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The Crazed Approach to the Internet: what's driving it?

Posted 30 Oct 2009 at 22:07 UTC by lkcl

The Internet is a tool to connect people, to empower them to share information and knowledge. Through increased communication, one person's contribution becomes everyone's gain. Through the power of collaboration, many minds can achieve what one person alone could not. It sounds like either a recipe for a Utopia or for a nightmare, which starkly reminds us that with great power comes great responsibility. And it's our right to be given the choice, to take advantage of the opportunity that the Internet represents. But there is something happening to the "InterWeb": the tracks are being ripped up. Mandelson in the UK. "3 Strikes" in France. Fascist Censorship in Australia. Phorm. Net Neutrality. The Pirate Bay attacks. The RIAA. The DMCA. There's a recurring and accelerating theme of attacks, which have accelerated over the past ten years, to attempt to control what can and cannot be done with the Internet, that is beginning to blur with Science Fiction predictions from well-renowed authors. The question is: why? What's the driving force, and what motivates these attacks, when, mathematically and statistically, they are simply impossible, leaving an alienated populace feeling threatened by and distrusting their Governments, just like in China, Iran and other "Regimes" which we believe that we are "better than"?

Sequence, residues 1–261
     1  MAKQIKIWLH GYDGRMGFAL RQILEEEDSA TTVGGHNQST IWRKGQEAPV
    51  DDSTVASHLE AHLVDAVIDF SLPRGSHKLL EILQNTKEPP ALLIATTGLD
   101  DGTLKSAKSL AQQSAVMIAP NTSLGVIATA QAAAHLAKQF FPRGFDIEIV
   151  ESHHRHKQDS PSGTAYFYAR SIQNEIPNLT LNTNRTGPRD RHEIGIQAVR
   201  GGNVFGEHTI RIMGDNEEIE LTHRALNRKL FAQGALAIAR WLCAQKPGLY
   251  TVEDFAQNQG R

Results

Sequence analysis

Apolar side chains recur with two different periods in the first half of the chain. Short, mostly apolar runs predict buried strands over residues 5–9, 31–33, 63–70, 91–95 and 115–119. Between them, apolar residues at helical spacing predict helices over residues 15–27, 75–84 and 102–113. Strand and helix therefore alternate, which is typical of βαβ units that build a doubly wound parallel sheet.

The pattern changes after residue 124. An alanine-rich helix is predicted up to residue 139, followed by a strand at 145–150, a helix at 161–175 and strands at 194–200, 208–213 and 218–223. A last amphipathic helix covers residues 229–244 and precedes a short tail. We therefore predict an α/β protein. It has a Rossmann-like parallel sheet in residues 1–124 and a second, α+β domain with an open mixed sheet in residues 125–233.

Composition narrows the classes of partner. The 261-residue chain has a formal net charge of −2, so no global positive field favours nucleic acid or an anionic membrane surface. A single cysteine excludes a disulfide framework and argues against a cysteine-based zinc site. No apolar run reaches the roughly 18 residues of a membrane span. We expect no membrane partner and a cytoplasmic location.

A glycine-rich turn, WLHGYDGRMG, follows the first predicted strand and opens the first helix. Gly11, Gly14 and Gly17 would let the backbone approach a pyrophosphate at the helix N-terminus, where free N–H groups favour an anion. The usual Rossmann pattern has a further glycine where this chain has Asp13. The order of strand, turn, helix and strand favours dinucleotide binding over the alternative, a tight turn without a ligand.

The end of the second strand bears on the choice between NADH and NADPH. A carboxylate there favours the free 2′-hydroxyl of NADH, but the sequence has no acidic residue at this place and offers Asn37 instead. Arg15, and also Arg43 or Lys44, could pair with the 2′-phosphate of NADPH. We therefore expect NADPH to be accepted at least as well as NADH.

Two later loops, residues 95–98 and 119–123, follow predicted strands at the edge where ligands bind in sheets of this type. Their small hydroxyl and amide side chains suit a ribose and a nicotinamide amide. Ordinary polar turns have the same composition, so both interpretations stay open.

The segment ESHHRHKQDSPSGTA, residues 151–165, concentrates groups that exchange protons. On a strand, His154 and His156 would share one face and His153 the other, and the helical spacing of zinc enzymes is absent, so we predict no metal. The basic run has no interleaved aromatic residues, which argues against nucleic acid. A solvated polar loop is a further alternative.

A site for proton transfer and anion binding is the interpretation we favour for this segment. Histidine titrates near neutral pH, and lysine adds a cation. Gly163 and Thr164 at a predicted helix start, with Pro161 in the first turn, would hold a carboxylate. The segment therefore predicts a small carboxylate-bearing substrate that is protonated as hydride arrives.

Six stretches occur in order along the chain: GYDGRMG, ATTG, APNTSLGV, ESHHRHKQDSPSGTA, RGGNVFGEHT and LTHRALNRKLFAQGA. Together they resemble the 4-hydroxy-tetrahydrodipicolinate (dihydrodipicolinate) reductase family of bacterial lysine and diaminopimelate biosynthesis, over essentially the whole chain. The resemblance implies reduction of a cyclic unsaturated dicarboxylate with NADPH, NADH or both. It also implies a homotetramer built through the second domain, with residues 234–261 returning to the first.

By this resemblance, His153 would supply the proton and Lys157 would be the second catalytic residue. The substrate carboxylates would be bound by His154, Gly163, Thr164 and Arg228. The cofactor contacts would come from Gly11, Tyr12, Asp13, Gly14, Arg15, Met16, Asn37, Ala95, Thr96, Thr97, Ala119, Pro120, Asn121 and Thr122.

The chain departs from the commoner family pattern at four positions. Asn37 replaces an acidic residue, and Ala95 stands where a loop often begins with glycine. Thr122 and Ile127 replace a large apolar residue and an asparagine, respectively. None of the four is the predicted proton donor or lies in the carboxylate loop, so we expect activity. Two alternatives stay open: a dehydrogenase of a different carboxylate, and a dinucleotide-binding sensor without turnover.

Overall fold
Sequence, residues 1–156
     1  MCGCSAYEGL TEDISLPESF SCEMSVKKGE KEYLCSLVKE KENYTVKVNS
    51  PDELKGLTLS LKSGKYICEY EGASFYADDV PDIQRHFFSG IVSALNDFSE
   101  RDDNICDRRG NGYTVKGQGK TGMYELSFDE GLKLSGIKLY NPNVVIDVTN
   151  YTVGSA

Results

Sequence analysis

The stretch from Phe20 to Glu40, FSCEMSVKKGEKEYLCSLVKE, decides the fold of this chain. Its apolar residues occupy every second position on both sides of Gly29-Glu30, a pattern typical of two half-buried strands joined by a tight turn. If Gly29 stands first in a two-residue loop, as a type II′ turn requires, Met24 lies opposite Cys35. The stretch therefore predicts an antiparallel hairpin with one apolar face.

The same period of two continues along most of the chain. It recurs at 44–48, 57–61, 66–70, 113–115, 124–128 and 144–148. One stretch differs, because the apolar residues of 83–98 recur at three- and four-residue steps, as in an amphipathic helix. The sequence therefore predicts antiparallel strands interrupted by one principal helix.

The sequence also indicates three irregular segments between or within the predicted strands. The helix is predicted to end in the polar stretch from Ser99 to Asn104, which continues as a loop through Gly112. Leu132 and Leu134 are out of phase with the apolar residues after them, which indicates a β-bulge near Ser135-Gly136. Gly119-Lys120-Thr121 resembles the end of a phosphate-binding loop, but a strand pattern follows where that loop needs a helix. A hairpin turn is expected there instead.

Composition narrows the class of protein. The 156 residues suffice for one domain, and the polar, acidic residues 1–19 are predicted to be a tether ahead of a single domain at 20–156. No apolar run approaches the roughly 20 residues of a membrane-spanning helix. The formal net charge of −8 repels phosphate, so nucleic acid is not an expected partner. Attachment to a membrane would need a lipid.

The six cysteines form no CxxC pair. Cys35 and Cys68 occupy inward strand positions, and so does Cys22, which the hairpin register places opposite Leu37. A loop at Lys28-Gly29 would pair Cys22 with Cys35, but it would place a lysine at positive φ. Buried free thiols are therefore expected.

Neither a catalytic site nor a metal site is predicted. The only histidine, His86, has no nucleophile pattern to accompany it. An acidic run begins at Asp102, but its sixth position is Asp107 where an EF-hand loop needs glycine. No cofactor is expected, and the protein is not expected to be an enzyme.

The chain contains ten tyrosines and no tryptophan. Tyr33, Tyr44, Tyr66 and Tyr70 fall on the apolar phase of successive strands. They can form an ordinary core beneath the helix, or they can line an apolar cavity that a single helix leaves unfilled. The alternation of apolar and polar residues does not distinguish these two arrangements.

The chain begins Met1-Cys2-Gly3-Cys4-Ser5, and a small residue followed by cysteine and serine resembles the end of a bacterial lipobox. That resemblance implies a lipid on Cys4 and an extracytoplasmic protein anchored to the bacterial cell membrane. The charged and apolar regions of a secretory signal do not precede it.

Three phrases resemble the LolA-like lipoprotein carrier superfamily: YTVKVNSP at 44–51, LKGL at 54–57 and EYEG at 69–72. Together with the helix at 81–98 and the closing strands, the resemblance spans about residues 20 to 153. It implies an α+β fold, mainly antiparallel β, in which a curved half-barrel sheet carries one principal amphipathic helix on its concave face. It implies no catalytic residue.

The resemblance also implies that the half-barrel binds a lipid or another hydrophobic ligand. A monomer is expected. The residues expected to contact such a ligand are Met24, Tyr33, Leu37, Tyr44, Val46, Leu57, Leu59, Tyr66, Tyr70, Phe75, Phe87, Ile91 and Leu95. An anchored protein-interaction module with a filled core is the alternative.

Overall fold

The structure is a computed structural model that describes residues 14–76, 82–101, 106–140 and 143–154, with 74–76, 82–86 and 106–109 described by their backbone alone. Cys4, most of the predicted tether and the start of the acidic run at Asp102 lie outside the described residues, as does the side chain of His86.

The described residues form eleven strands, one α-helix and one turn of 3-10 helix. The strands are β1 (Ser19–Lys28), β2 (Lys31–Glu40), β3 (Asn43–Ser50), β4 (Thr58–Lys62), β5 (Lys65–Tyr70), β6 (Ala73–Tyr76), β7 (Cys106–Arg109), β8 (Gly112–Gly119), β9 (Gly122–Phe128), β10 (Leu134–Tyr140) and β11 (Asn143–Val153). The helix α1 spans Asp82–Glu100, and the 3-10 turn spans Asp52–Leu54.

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Any FOSS Java scanner?

Posted 17 Oct 2009 at 12:58 UTC (updated 18 Oct 2009 at 08:09 UTC) by audriusa